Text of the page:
Dialogue: a conversation between two or more people as a feature of a book, play or film.
You'd think that writing dialogue for your fiction book would be easy. After all, you've been talking for such a long time now. It's something that you do on a daily basis and most of the time, you don't even have to think about it. But in actual fact, when it come to fiction, there is a fine line between doing it right and being too realistic.
In everyday life, people talk over each other. They fumble over their words, umming and ahhing, switching from miserable weather, to what they ate for tea last night, to the latest hot topic., to... well, you get my drift. Real conversation is messy, all over the place and often completely trivial.
Fictional dialogue doesn't have time to be trivial. Everything you put into your book must matter, must push the story forward. A simple conversation between two characters can enlighten the reader, giving away a key piece of plot information. A difference of opinion can increase tension and add to the conflict already in play, not to mention reveal elements of your characters motivations that weren't previously clear.
Another effective use of fictional dialogue is to focus on how your characters speak to each other. The way one character interacts with another can tell the reader a lot about both characters. For example, if your outgoing protagonist becomes tongue-tied around one particular character, it would indicate that their feelings for this individual run a little deeper than they're willing to let on.
As characters naturally develop throughout a story, the way they speak to one another should change along with them. When used correctly, dialogue is one of the many powerful tools writers have at their disposal when writing fiction.
Got any tips on writing dialogue scenes? How do you approach them? Share below in the comments.
Missed last week's post? Check out C is for... Characters here. Look out for the next post in the series, E is for... Emotion.
Character: 1. A person in a novel, play, or film. 2. The mental and moral qualities distinctive to an individual.
Without your characters, you don't have a story. It is as simple as that.
Let's think about that for a second. A story is the ups and downs of an individual, or a group of connected individuals' lives. Without those characters, your story will simply be a string of events happening one after another. There will be no reactions and no emotional stakes.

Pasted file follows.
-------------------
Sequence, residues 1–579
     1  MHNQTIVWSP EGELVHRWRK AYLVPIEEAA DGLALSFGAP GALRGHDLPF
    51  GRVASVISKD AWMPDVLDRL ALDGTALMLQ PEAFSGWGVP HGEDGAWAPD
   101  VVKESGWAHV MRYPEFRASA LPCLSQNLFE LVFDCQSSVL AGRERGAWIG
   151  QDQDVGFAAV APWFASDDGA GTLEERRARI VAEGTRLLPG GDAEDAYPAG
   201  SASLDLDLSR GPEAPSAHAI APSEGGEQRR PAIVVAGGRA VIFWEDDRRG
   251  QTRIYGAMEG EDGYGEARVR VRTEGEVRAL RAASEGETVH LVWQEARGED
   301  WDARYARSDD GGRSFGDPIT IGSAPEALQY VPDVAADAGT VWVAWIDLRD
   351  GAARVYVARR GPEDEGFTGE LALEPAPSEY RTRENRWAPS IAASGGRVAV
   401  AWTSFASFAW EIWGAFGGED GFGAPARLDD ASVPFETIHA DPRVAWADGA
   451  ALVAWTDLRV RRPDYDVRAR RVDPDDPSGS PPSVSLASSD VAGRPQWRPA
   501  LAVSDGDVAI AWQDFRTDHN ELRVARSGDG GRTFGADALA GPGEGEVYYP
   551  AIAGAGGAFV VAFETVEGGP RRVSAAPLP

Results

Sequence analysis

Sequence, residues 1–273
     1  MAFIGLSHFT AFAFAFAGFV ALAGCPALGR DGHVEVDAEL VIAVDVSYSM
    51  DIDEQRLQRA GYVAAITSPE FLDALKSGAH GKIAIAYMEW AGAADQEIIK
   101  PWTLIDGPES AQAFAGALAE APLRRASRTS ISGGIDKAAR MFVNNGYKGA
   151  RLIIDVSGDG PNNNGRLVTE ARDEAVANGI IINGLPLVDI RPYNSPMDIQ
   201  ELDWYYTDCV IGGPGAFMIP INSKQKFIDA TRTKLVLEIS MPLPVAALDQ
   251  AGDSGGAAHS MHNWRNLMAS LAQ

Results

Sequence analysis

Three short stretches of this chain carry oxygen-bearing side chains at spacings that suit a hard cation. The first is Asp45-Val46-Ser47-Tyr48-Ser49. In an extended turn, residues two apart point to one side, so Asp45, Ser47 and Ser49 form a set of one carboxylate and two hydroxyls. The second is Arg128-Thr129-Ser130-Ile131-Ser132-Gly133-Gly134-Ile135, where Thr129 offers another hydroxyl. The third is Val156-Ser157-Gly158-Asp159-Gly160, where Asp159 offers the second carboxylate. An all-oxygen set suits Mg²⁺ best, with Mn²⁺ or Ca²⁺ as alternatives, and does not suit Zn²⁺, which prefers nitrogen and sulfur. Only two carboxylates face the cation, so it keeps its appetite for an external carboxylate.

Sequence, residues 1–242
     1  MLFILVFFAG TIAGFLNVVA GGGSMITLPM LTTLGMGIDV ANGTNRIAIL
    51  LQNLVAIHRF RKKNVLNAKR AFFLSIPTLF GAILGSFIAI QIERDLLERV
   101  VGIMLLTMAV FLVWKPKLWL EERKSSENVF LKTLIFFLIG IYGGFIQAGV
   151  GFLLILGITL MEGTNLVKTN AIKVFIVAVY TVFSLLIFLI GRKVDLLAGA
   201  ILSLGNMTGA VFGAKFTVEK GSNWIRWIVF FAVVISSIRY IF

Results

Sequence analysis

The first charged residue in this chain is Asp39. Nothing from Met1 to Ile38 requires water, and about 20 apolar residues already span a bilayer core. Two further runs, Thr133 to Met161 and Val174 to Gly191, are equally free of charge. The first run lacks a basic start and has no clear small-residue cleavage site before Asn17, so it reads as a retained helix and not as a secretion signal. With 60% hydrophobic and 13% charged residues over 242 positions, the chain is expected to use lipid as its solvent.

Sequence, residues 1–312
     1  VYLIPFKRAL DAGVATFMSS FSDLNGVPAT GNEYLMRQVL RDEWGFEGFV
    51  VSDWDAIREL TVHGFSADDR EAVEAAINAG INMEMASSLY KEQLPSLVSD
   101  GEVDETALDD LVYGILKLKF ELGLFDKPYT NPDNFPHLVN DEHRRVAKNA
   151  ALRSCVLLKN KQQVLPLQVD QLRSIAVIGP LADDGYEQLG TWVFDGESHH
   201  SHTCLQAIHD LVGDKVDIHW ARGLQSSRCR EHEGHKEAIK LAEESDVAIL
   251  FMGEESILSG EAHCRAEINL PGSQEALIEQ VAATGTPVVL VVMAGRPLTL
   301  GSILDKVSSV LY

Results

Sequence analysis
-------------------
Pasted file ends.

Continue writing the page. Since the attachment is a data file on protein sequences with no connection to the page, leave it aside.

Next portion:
Let's face it -- it's the characters in a story that have us coming back for more, time and time again. They have a big job to do, and that's to make you care. In this aspect, it goes without saying that protagonists have the biggest job to do of all. But, open any fiction book and more than likely, you'll discover that it holds a colourful cast of varied characters that all play different roles in the story.
Some examples of character roles are:
The Protagonist -- the point of view character and person responsible for fixing the main problem of the novel.
The Antagonist -- the bad guy. This character blocks the protagonists path at every turn, making it difficult for them to succeed.
The Sidekick -- the protagonist's unflinchingly loyal friend. They support the main character and their actions are often a key part of the hero's success.
The Mentor -- this character's role is to provide the lesson that, upon learning it, will unlock new potential in the protagonist.
Can you think of any other fictional character roles? Let me know in the comments below.
Missed last week's post? Check out B is for... Beginnings here. Look out for the next post in the series, D is for... Dialogue.
Author of bite-sized stories, with debut novel Crimson Touch out 2019.